Patna, Sep 22: Bihar Chief Minister Nitish Kumar on Tuesday reacted sharply to Mulayam Singh Yadav questioning his secular credentials over being with BJP for 12 years, asking whether the latter was "the Vice Chancellor of University of Secularism".
"Am I a research scholar and he (Mulayam) a Vice Chancellor of University of Secularism that I am asking for a certificate of secularism from him?"
Nitish asked in a hard-hitting comment on the SP chief while speaking at a function of a private national TV channel here. "I am a product of school of Loknayak Jayprakash Narayan and Ram Manohar Lohia and need no certificate on secularism from anybody," he said.
The JD(U) leader accused Mulayam of "ending all future possibilities of the coming together of Janata Parivar."
Mulayam's SP had walked out of the Janata Parivar in Bihar following differences over the number of seats given to it for the upcoming Assembly elections and reportedly over Nitish's 'tilt' towards Congress.
The party, which has negligible presence in Bihar, had been given five seats by the JD(U)-RJD-Congress alliance. It has formed a third front with NCP, Janadhikar Party of Pappu Yadav, Samras Samaj Party (SSP) of former Union minister Nagmani, NPP (Nationalists Peoples Party) of former Lok Sabha Speaker P A Sangma and Samajwadi Janata Party (SJP) of former Union minister Devendra Prasad Yadav to contest all 243 seats.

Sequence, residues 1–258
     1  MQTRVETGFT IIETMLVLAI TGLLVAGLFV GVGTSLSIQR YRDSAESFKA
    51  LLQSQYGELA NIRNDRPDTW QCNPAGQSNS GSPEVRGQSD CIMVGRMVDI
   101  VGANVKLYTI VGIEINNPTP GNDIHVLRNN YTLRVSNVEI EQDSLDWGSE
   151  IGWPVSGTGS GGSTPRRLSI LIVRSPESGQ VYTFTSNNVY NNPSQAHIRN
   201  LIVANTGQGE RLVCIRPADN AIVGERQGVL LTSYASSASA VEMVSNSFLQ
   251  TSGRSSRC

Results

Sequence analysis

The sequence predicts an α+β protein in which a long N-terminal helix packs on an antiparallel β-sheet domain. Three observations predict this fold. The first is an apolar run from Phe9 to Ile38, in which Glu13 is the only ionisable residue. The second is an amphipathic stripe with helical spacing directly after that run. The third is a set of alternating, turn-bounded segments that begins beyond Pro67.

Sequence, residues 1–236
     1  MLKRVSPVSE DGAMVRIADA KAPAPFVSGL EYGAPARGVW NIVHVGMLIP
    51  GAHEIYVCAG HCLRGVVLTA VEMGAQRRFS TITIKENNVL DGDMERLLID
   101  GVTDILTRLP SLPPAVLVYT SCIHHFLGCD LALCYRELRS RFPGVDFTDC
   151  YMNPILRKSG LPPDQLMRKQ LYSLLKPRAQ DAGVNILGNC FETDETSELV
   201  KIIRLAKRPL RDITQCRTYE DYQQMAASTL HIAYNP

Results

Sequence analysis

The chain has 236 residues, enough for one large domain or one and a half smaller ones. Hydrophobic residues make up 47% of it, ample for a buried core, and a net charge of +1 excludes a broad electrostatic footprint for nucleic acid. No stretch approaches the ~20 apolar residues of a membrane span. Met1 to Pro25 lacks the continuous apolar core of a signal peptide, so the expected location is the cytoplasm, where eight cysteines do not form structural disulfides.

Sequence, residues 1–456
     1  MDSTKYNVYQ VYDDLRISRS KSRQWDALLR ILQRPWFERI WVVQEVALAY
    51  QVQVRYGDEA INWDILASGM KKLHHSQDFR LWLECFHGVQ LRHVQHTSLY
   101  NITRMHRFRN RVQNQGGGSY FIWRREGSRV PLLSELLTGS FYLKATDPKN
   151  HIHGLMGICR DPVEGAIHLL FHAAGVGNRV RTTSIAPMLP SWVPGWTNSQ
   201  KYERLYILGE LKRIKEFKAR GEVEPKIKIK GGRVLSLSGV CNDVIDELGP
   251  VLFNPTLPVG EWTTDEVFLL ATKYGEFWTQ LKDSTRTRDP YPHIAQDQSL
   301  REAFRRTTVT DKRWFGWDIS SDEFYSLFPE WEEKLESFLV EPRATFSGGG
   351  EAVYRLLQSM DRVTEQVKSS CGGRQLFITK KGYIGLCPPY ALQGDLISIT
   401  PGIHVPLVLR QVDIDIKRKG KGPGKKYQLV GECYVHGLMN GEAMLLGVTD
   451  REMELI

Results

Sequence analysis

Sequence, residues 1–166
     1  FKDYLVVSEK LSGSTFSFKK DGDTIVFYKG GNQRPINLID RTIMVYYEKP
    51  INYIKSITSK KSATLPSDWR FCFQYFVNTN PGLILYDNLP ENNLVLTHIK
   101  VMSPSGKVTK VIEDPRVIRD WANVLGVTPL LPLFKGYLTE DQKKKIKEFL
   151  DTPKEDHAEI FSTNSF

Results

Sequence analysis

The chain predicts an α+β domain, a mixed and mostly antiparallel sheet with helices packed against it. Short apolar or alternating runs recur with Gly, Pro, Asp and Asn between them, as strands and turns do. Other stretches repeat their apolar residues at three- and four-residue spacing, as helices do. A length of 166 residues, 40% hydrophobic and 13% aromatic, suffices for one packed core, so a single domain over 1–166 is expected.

While Nitish was scathing in his remarks on the SP chief, RJD president Lalu Prasad was not so harsh but scoffed his challenge in Bihar polls.
"Anybody can contest election anywhere. But does his party have any standing in Bihar?...It's like RJD contesting 200 seats in Uttar Pradesh. Can it (SP) win even one MLA seat?" Prasad quipped.
Refraining from harsh comments on Mulayam, he described the SP patriarch as "an elderly samdhi". Prasad's daughter Raj Lakshmi is married to Mulayam's grand nephew and MP Tej Pratap Yadav.
"If he speaks more, I will give five dhotis hued in yellow colour to him," he said in a lighter vein. Prasad said differences among kin was not new in politics.
"Earlier a dozen of my 'salas' (brothers-in-law) ran away from my fold. So what's big in it," he said referring to parting of brothers-in-law Sadhu Yadav and Subhas Yadav.
Asked about Tej Pratap Yadav's announcement to campaign for SP and against him in Bihar election, Prasad laughingly, said, "I have asked Teju (Tej Pratap) and daughter Raj Lakshmi to listen what Mulayam says and not us."